A few weeks back Crowdfund Insider published an article on the regulatory environment in Canada that labeled new crowdfunding securities exemptions as “Dead in the Water“. In brief, regulators in multiple provinces have enacted rules that were ostensibly created to foster entrepreneurship and access to capital. But in the short time these rules have been available – not one company has used them to raise capital. Zero. I would call that a regulatory failure. The article received both supportive, and not so positive, responses but overall there has been a sense that policy shortcomings must be addressed. And the best way to do so is to bring them to the forefront. Things can be fixed, but there remains a question as to whether or not the right people are in positions of leadership to right the ship.
Last week, Crowdfund Insider spoke to Sandi Gilbert, a prominent member of the crowdfunding industry and CEO and co-founder of SeedUps – a funding platform that is operating now. Gilbert is a champion of innovative startups and an advocate for Canadian entrepreneurs. Her opinion on the Dead in the Water article? She thought it was “fantastic.” Not one to mince words, Gilbert bluntly described the current Canadian crowdfunding exemptions as “a mess”.
“What we set out to do was lower the cost and improve access to capital [for SMEs],” stated Gilbert. “Crowdfunding was gaining traction globally and regulators here said they would do something so we all jumped on board.”
Encumbered by overly restrictive requirements, perhaps driven by timid policymakers fearful of the unknown, and lacking experience in business, the rules fell short of the mark.
Canada already had the OM Exemption – similar to Reg A+ in the US. This exemption has been around “forever” and very successful. The OM is better than Reg A+ in one respect as you may raise as much as you want – but it does require audited statements and reporting.
“What we advocated was for was smaller raises with disclosure but not audited statements. What we got was a disparate set of regulations with costly ongoing disclosures. The regulator model is such you must do full accountability and assessments. To make it even worse they came out with non-regulated portals,” said Gilbert.
She explained that if you were a small company and were seeking a raise of $500,000, there are insufficient due diligence requirements. “We would review an offer and not approve it. They would just go to another portal and post the deal.”
In the US, portals must be approved by FINRA and the SEC – a similar process apparently does not exist up north. There is also no obligation for due diligence. You just post them. Non-accredited investors can invest $2500 without any obstacles. Gilbert said there remains much confusion around which provinces allow for crowdfunded offers. “It has not been adopted like we had hoped,” lamented Gilbert.
Gilbert is of the opinion that regulators do understand things are screwed up but, at the same time, are hesitant to work together. The provincial process is simply too convoluted. Canada does have a degree of harmonization with the OM Exemption. Gilbert explained what Canada truly needs is an OM without excessive disclosure and reporting within funding limits. That makes more sense.
“We [Canada] are working on version 1.0 when other jurisdictions are working on 2.0. The regulators do not want to learn from other markets … Our 2 countries [the US and Canada] tried to regulate before there was an industry. In the UK the FCA [Financial Conduct Authority] said we will regulate it once it evolves. The people who wrote these regulations have never run a business or raised capital in their lives. They are so disconnected from the real world. We are leaving the crowd behind for now.”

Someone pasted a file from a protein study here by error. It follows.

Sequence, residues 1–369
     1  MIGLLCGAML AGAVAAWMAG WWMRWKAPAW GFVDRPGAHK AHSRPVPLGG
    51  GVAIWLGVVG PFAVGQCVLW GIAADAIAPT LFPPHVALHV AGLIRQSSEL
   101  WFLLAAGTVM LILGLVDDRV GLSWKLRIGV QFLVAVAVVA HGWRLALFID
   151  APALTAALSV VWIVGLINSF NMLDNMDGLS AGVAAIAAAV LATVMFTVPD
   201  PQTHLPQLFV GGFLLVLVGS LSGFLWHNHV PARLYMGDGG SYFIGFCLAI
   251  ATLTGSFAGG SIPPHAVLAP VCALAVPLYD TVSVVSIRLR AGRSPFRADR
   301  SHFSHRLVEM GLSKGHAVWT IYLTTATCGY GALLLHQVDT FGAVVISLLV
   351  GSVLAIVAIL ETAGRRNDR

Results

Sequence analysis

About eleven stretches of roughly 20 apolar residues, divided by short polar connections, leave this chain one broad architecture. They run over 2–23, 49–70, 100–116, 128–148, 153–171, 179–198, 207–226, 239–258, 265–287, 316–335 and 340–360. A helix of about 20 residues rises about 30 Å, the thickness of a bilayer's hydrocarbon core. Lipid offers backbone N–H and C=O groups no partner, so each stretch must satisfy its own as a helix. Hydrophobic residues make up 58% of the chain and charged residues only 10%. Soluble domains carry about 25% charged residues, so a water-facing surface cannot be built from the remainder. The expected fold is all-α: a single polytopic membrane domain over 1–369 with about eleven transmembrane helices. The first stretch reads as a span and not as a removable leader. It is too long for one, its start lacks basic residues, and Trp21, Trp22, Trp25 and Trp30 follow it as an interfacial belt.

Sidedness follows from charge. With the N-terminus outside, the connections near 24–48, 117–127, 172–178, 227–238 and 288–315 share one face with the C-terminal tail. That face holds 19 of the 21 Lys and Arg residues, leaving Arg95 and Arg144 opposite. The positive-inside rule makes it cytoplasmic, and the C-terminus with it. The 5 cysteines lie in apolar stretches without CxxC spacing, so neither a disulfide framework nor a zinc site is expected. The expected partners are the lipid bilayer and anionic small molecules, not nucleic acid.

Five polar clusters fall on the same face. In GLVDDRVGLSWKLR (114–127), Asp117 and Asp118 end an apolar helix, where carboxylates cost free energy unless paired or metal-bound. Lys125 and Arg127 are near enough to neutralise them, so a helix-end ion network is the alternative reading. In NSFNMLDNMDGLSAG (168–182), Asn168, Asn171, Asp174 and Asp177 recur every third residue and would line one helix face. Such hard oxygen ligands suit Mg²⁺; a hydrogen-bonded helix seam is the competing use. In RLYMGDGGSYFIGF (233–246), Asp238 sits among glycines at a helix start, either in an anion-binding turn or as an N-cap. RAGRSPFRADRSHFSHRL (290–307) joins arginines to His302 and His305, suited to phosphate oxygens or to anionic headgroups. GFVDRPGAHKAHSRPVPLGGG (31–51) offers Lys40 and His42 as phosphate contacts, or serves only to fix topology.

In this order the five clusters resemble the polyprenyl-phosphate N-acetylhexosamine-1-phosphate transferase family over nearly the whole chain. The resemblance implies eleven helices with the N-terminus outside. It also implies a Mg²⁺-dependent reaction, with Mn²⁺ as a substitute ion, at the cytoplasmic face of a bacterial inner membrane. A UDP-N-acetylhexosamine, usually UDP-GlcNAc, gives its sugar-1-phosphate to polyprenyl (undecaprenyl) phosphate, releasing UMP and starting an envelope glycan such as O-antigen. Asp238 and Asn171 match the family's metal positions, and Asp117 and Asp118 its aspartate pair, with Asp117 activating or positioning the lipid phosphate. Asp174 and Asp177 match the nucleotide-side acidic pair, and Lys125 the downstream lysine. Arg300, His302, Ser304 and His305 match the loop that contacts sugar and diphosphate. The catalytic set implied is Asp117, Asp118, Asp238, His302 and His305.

The bottom line is that adoption will be very slow, if at all, unless changes are made.
The good news from the perspective of SeedUps, is they are altering their approach. For now, they are going to focus on creating a marketplace where an established angel or VC can lead an investment round and then be topped off by a wider audience. This can happen online – or off. This has been a highly effective approach on platforms like SyndicateRoom, OurCrowd, and AngelList – to name a few.
“This is the model we are embracing and moving forward with,” explained Gilber. “We are NOT operating under the crowdfunding regulations we are really operating as a digital angel network. It is the way deals have been done all along. What the technology allows you to do is reach those investors. You can also execute it online.”
Gilbert would rather not give up on the crowdfunding process, but the economic reality is a pretty high card.
“Until we can watch how the environment develops. We do not want to abandon it entirely but I am smart enough to know how the industry is evolving.”
Gilbert very much wants to work with regulators to help them improve, but this is an uphill battle.
“Regulators do not understand that half of the benefits of the online world is transparency … Better online than in a dark steakhouse having glass of wine.”
In speaking with others engaged with the Canadian alternative finance sector, there is a sentiment that traditional finance does not want to share with the emerging world of Fintech innovation. As happens in much of the world, a certain amount of lobbying may be occurring to slow down change at the regulatory level and stymie progress. For Gilbert and her team at SeedUps they will continue to push ahead and innovate where there is less resistance to progress. Let’s hope policymakers eventually embrace their mission of improving access to capital so Fintech entrepreneurs, like Gilbert, can help drive economic growth to all of Canada.